iOS7 has made the most radical changes to the iOS since the introduction of the iPhone, and I had the chance to experience the new OS firsthand. Needless to say, it was simply an astonishing work of art, and many users of the iPhone will undoubtedly appreciate its new look and feel.
The web is already flooding with news that meticulously compare each element of the OS, so instead of boring you with minute details, here I will try to focus on my personal experience with the OS.
To start off, everything looks fresh and new. This is a huge plus, and as Jony Ive pointed out, it’s just as though the users got a new smartphone. However, at the same, iOS7 manages to keep the familiarity of the previous version of iOS. I had no problem accessing most features offered by iOS7, including the lock screen and the notification centre, when they were radically different from its predecessors when taken a closer look.
As well, there is flatness in design elements, but they are given depth mainly through layers and animations in the iOS7. It shows that designers at Apple did not take that trendy design pattern for granted, but gave it a thought and improved it for the iOS7. Unfortunately, this is harder to capture with a few screenshots, and there are many who criticize the OS for the face value of those few screenshots.
Let’s take a closer look at the iOS7.
Elegant UI design
Instead of cluttering the screen with obscure symbols and dense information, designers at Apple took a step back and gave users a break with simple words and spacious layout. This is in line with “Clarity”, the first principle of the iOS7 design.
As a result, there is a lot less going on at any time, and each piece of content that does come up are given the spotlight it deserves. Even the controls are squeezed and pushed all the way to the sides to make way for the content, and hence “Deference”, or humble respect to content, the second design principle for the iOS7.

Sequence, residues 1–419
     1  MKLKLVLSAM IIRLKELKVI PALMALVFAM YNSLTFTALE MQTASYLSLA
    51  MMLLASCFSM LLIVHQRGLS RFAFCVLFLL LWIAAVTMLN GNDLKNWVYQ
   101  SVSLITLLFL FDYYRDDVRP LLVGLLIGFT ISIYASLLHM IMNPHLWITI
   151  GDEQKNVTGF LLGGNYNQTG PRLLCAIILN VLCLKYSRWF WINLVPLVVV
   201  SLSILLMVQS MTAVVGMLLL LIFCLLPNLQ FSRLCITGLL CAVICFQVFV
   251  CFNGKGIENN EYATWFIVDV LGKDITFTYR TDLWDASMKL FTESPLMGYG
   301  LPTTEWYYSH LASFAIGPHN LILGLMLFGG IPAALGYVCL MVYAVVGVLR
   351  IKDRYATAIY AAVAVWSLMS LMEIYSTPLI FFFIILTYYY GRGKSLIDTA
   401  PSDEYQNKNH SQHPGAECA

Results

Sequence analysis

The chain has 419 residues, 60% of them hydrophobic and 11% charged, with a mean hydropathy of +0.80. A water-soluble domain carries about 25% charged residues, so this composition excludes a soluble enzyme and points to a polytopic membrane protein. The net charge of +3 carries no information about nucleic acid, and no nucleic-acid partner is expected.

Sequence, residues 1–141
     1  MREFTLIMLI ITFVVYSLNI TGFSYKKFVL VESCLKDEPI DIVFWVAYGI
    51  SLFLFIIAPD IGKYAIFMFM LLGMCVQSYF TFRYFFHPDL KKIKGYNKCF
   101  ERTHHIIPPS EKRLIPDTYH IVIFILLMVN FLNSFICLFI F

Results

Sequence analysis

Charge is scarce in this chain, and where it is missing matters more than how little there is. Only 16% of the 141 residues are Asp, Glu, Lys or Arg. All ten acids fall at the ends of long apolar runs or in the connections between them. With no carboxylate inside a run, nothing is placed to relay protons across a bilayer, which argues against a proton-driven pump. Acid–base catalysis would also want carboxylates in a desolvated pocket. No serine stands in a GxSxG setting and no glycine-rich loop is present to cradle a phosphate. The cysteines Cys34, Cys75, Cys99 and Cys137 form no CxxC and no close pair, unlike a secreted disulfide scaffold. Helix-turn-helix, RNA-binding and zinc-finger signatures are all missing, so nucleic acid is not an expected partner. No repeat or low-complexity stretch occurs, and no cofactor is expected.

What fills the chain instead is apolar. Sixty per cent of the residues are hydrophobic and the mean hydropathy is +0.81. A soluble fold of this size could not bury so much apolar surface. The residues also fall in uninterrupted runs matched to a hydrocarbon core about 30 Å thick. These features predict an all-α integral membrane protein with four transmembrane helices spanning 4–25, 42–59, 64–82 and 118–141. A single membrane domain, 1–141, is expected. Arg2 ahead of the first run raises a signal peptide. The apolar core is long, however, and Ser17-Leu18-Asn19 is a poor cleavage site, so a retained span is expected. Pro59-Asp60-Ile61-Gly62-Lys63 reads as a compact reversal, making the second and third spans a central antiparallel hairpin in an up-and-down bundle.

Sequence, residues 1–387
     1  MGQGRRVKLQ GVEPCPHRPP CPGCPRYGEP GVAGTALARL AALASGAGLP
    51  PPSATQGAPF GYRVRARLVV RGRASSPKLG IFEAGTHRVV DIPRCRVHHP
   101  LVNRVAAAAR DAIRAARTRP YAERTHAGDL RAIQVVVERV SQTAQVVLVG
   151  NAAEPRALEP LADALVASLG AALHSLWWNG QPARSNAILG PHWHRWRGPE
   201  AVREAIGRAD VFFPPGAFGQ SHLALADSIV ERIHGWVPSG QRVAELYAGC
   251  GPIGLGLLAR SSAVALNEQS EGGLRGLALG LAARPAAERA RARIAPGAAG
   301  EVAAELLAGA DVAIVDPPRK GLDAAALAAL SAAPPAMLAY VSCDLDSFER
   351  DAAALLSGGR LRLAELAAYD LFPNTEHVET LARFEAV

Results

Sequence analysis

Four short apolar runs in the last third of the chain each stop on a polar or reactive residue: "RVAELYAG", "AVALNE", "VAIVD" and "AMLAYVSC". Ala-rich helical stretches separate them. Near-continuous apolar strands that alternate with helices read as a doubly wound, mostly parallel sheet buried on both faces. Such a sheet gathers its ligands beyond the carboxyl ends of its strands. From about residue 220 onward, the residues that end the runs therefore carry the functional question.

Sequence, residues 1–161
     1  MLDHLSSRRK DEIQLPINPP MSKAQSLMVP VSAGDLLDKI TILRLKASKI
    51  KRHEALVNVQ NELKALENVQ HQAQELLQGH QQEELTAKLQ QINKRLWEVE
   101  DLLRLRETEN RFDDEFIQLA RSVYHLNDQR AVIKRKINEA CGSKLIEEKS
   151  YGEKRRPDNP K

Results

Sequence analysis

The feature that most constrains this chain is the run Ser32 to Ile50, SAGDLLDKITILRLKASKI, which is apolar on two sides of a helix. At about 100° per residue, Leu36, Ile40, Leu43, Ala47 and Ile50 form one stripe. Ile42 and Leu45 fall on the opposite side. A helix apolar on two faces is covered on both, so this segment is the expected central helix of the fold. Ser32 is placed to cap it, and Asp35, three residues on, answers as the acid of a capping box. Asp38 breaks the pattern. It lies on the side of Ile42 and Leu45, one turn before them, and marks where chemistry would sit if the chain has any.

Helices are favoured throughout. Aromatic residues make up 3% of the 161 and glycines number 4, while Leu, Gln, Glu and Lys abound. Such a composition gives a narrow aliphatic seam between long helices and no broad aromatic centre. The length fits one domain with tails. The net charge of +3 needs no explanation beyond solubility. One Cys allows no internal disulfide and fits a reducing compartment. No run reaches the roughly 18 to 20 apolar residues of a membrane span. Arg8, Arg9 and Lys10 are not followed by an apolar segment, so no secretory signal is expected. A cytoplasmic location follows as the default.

Vibrant colour scheme is truly noticeable on the main screen. Each app that comes with the iPhone have all received a radically different look, with colours so vibrant and intense, almost to a point of being lavish and over-the-top.
What they say is very clear to the eyes: They beg for interaction with the user.
They are ambitious apps, and do not settle for a little more estate in the springboard. Instead, they charm the users to tap on them, so that they can take over the entire screen, and bring the user into their unique world. It’s not hard to imagine that in iOS7, only the apps that can fully deliver such immersive experience to the users will survive and thrive.
First and foremost, this is one mobile OS that does not skim on the animation.
From apps dropping onto the springboard each time it loads to message boxes bumping into each other when the screen moves up and down, there is always rich animation to please the eyes in iOS7. Now mundane tasks are more interesting to look at, whereas when it comes to performance-critical moments, such as quickly switching to an app to finish a task, it is as swift it can get.
The way users can interact with the iPhone has been improved for the better. To take the lock screen as an example, users can now directly access the Activity Sheet and the notification centre in addition to the camera. Also, when the phone wakes up by a push notification, the iOS no longer jumps to the app that woke it when unlocked (unless the user specifically swipes the app icon), giving the user the freedom to access the springboard.
App Switcher is given a new look as well, showcasing each app with a gallery of previews. App Switcher automatically moves to the last app used, so switching between apps is easier, and saving memory is just as easily done with the new swiping up motion on the preview screen which terminates the app.
Finally, after using iOS7 for a while, I noticed that iOS7 and stock apps are generally better at giving the right piece of content, and typing feels better. It is an overarching UX improvement that is harder to notice and articulate with only a few minutes of using it.
iOS7 does not disappoint its users with supposedly copied elements and weird choices of colour and design. On the contrary, it is provides so much more than its competitors with motions and layers that build up a unique experience in its own right. This is “Depth”, the third and last design principle for iOS7.
iOS7 is refreshing, unique, and provides solid foundation for apps to deliver its full potential. iPhone users will be very excited to run this brand new OS to their iOS devices when it is fully polished. I also look forward to developing my first app for iOS.